Generally, the threshold for significance is determined in advance. A p-value of 0.05 means we are testing things at a 95% confidence level. This is the threshold most often used, although it is also relatively common to test at 80% level (a p-value of 0.2), 90% level (a p-value of 0.1) or 99% level (a p-value of 0.01). You can set the threshold at any value, as long as you do it in advance. It depends on your sample size (discussed later) or how large you think the difference is likely to be. However, please note: this needs to be decided in advance, it's very poor practice to move the threshold around after the event just to make your results significant!
It's important to remember (again) that statistics is all about probability. So even when something is significant it doesn't entirely rule out that the difference you are finding might simply be due to chance. It just means it is less likely. A p-value of 0.05 means 5% of the time (i.e. once in every twenty tests) we will find a difference between groups purely by chance. A p-value of 0.01 means 1% of the time we will find a difference purely by chance, and so on. Nothing is ever 100% certain.
Impact of sample size and design effects on statistical significance
There are a few aspects of your survey design that will affect the statistical tests and, the size of the p-values. It is important to be aware of these. The size of the sample, the design of the sample and any weights, will impact on p-values and significance.
Small samples tend to contain more sampling error. Sampling error is random error that exists in every sample. It is there because you have taken a random selection of cases from the population, rather than the full population, to create your sample. On an intuitive level this makes sense – you want your sample to be a representative mini version of your target population, with cases included from all areas of the population. This would be difficult with a large number of cases but even harder if you only have a small number of cases. Larger samples are therefore better for making inferences about the population.
If we took two random samples of 100 from a population and compared the estimates, then took two random samples of 1000 from the same population, we would expect there to be larger differences between the two samples of 100 than between the two samples of 1000. This is purely due to random chance.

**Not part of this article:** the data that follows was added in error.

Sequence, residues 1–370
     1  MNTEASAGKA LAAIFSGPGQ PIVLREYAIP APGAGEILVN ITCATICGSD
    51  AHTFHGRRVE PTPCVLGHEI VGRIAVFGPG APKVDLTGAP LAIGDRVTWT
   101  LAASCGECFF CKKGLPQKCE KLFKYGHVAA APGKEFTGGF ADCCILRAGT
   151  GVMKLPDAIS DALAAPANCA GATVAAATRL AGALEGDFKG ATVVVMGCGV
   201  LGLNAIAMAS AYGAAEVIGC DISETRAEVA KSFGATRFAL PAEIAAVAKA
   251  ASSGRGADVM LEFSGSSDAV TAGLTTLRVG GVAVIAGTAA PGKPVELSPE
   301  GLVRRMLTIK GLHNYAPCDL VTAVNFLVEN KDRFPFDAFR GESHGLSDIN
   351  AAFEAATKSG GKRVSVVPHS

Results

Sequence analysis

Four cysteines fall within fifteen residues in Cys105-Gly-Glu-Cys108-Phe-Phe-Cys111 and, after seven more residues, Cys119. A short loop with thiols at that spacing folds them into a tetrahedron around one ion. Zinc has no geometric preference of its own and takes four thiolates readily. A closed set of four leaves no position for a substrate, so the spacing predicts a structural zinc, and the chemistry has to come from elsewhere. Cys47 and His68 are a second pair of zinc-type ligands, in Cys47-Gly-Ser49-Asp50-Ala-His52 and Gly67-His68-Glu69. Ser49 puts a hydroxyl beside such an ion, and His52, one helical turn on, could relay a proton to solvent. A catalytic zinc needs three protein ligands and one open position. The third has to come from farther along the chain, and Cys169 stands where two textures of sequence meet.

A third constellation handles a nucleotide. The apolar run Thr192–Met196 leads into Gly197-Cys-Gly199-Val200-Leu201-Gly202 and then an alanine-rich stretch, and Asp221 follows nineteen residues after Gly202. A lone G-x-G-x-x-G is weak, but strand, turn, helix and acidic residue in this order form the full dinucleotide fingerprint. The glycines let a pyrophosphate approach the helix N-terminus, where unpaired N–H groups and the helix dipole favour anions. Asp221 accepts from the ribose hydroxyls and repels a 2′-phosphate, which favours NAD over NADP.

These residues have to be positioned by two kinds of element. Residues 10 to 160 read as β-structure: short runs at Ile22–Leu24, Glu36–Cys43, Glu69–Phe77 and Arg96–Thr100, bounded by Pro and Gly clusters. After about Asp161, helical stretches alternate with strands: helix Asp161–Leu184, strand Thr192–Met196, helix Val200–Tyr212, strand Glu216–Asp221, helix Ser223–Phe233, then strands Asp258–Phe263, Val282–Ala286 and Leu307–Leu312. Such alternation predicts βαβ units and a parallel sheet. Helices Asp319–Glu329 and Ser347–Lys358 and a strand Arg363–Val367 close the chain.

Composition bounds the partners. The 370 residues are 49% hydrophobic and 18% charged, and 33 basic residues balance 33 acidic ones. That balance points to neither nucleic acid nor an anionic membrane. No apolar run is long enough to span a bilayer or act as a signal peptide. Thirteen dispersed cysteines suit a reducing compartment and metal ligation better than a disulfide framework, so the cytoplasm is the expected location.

We therefore need larger differences between results from two groups with small samples before we can be sure they are statistically significant and not due to random chance. This is because the greater variability causes there to be more overlap between samples.
The same thing happens when samples are weighted. This is because weights increase the amount of variance in the sample. This means, again, the difference between estimates needs to be larger before we can be sure that the difference is genuine and not caused by random chance. The impact of your survey design and weights on the sample can be measured using design effects.
One and two-sided tests
Many statistical tests can be run as one-sizes or two-sided tests (also referred to as one-tailed or two-tailed). A two-sided test should be used if you are testing whether the result from group A should be larger or smaller than the result from group B. A one-sided test can be used if there is a natural direction in your data (i.e. you are very confident that the results from group A not be smaller than group B), and you are only interested in testing how much bigger the results are (if at all).
When in doubt, use a two-sided test. The one-sided test should only be used if you have very good reasons to believe the results from one group will be much higher than the other.
Random probability sampling
Statistical theory (the science behind the statistical tests) is all based on random probability sampling (I think I may have mentioned that statistics is all about probability!). A sample is random if each sample member has a known and non-zero probability of being selected. If we know the probability of selection, then we have a link between the sample and the population that allows us to apply statistical theory and make assertions about the population using results from the sample.
This means statistical theory does not apply to quota samples, or any samples where a selected individual is allowed to be replaced. Strictly speaking, we should not be running statistical test on quota samples, although it often gets used as a rule of thumb to indicate where differences are likely to lie. We need to be clear to clients when this is the case. Statistical tests may overstate the accuracy of the results with samples that are not truly random. This is because statistical tests only consider random error and ignore biases resulting from non-random error (such as a badly selected sample).